Capital punishment is when an individual is sentenced to death for a significant crime like murder or the rape of a minor. This subject has been highly controversial for years. Many tend to strongly support or oppose it, considering its relation to how we as a society should value human life. Below we have highlighted the most common beliefs on the topic from both a republican and democratic standpoint.
Republicans generally support the death penalty and often cite the philosophical principle of retribution when arguing for the use of capital punishment. They believe that when someone takes a life or commits a particularly heinous crime, there is no possible substitute for justice other than the most severe punishment we have to offer, that being death. Republicans believe that only by taking the criminal's life can a society convincingly demonstrate its intolerance for the crime in question; any other punishment would not acknowledge the severity of the crime. Immanuel Kant represents it best when he claimed that "there is no parallel between death and even the most miserable life so that there is no equality of crime and retribution unless the perpetrator is judicially put to death."
Another reason Republicans support the death penalty is deterrence since they believe that potential murderers will be dissuaded from killing — for fear of having the tables turned on them. They also appreciate that the death penalty has the added condition of being definite in its utility since whoever is executed has no chance of committing future crimes, either in prison or in society, should they somehow escape.
Democrats generally oppose the death penalty since they believe that the American justice system should not be based on retribution and instead should focus on rehabilitation. They consider that "retribution" really means revenge and that our instinctual desire for vengeance is an insufficient basis for condoning the termination of human life. Moreover, Democrats hold that the concept of an eye for an eye is simplistic and silly; we have never considered raping a rapist or torturing a torturer, so we should not consider equal retribution as something our justice system should aspire to solve.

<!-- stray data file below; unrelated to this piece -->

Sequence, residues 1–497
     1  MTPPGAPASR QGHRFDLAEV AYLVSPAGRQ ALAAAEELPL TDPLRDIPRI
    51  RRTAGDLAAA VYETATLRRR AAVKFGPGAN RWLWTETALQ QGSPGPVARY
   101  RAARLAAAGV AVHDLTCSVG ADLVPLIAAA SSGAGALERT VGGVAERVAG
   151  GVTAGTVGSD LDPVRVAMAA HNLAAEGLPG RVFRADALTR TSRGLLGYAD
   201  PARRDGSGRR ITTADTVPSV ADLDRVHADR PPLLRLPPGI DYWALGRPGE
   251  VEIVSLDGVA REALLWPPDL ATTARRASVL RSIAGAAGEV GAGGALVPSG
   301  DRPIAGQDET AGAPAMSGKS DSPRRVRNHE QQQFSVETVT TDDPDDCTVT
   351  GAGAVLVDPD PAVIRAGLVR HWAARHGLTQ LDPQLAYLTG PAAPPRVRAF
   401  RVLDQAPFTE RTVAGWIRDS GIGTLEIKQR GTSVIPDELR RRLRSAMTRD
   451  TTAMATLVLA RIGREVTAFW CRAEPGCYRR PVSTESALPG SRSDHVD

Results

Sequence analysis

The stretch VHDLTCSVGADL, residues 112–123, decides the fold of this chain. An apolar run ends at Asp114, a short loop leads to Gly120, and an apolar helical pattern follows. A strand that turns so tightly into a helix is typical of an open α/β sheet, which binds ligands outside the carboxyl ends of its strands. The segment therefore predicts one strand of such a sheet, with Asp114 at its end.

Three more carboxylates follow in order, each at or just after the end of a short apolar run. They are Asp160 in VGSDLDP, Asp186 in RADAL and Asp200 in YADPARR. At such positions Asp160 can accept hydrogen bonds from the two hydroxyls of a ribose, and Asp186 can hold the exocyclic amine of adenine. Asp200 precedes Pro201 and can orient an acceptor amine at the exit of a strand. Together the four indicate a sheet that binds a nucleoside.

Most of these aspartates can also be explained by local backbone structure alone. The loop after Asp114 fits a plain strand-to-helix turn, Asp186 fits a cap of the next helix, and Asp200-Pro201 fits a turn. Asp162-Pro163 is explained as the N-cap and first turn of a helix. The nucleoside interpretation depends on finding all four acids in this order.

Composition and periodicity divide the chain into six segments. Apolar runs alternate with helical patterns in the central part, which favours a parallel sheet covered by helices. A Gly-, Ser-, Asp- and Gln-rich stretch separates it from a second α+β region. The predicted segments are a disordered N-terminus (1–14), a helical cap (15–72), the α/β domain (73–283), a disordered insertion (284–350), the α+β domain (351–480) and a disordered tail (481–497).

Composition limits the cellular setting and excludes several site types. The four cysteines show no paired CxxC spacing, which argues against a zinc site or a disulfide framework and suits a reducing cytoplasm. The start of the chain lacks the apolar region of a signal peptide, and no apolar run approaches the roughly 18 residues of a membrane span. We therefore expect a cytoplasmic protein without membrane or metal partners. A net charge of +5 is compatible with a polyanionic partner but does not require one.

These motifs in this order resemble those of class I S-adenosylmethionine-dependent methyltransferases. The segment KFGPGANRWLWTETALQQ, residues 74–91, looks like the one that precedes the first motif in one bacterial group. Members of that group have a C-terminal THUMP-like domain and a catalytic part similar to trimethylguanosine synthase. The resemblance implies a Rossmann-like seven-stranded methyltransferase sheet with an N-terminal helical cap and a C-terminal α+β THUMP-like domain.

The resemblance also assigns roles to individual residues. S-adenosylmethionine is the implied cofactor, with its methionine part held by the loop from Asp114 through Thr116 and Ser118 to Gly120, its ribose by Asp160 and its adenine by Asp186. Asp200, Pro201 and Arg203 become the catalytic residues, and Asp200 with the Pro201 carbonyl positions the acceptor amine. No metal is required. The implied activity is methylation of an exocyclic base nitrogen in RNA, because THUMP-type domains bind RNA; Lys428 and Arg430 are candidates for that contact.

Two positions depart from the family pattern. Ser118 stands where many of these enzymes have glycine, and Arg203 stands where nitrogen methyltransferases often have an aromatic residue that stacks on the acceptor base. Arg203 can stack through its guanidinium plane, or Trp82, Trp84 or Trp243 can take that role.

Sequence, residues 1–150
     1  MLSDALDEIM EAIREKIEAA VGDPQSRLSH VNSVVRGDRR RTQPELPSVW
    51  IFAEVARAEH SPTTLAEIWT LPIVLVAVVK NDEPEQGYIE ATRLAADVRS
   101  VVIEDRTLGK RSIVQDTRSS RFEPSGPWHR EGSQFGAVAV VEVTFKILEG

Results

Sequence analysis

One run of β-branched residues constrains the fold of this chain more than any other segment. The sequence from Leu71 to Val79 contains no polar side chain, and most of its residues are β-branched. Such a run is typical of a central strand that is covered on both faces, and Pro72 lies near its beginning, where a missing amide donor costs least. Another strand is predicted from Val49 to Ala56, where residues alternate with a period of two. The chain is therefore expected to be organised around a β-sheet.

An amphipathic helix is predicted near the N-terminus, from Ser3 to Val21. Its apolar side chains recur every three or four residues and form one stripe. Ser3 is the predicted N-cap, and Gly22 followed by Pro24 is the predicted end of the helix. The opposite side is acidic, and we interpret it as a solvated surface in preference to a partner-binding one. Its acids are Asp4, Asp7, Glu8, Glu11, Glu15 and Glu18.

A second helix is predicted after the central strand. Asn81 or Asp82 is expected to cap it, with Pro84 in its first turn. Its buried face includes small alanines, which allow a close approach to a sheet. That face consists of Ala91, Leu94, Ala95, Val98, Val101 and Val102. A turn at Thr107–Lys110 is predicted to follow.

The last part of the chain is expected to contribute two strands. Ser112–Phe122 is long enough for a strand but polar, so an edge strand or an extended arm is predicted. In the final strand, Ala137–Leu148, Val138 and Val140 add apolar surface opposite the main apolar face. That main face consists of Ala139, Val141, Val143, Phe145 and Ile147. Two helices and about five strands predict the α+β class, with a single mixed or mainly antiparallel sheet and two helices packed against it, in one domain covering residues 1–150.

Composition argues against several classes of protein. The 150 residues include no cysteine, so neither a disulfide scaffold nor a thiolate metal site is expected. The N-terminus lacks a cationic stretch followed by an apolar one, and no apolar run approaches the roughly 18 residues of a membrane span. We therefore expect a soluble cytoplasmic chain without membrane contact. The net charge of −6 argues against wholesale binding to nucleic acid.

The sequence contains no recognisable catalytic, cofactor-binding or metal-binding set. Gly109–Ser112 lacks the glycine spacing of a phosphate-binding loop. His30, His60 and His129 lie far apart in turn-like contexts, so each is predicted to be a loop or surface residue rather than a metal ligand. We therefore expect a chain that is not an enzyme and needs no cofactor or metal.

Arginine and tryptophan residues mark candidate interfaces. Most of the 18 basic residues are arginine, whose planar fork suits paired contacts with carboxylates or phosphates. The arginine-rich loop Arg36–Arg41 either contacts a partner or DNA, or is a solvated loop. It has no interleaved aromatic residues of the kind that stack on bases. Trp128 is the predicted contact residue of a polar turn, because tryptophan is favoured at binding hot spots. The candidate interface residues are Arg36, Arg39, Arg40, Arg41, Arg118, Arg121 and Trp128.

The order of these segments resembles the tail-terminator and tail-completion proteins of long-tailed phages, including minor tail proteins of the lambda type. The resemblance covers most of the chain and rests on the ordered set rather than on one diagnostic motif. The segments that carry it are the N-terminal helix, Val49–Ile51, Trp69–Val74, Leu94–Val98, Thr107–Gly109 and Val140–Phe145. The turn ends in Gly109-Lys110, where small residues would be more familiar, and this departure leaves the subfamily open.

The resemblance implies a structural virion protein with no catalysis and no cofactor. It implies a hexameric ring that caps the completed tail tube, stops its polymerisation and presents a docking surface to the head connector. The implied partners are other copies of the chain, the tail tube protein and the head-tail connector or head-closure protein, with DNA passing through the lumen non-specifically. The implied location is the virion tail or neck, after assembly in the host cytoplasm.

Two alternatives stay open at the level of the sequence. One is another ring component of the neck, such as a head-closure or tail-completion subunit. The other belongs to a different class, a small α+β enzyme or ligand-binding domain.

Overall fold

Democrats also believe that the death penalty should be illegal since it is an irrevocable punishment prone to error; they cite the numerous cases where an individual has been executed only to be exonerated posthumously. Finally, many Democrats maintain that there is no moral justification for the death penalty, given that only a small number of those convicted for a heinous crime are ever executed. Moreover, those who are executed are typically not the worst offenders but are the ones with insufficient resources to defend themselves.
- Should capital punishment be legal?
- If it should, under what circumstances?
- If you kill someone, do you deserve to die?
- If not equal retribution, what determines if someone receives capital punishment?
- What is the standard of proof/certainty that should be applied?
- Is there a moral imperative towards preserving life, and does one forfeit this consideration by committing a heinous crime?
BBC. “BBC - Ethics - Capital Punishment: Arguments against Capital Punishment.” www.bbc.co.uk, n.d. https://www.bbc.co.uk/ethics/capitalpunishment/against_1.shtml.
ProCon.org. 2019. “Should the Death Penalty Be Allowed? - Death Penalty - ProCon.org.” Death Penalty. 2019. https://deathpenalty.procon.org/questions/should-the-death-penalty-be-allowed/.
RepublicanViews.org. “Republican Views on the Death Penalty.” Republicanviews.org, October 26, 2014. [https://www.republicanviews.org/republican-views-on-the-death-penalty/](https://www.republicanviews.org/republican-views-on-the-death-penalty/.).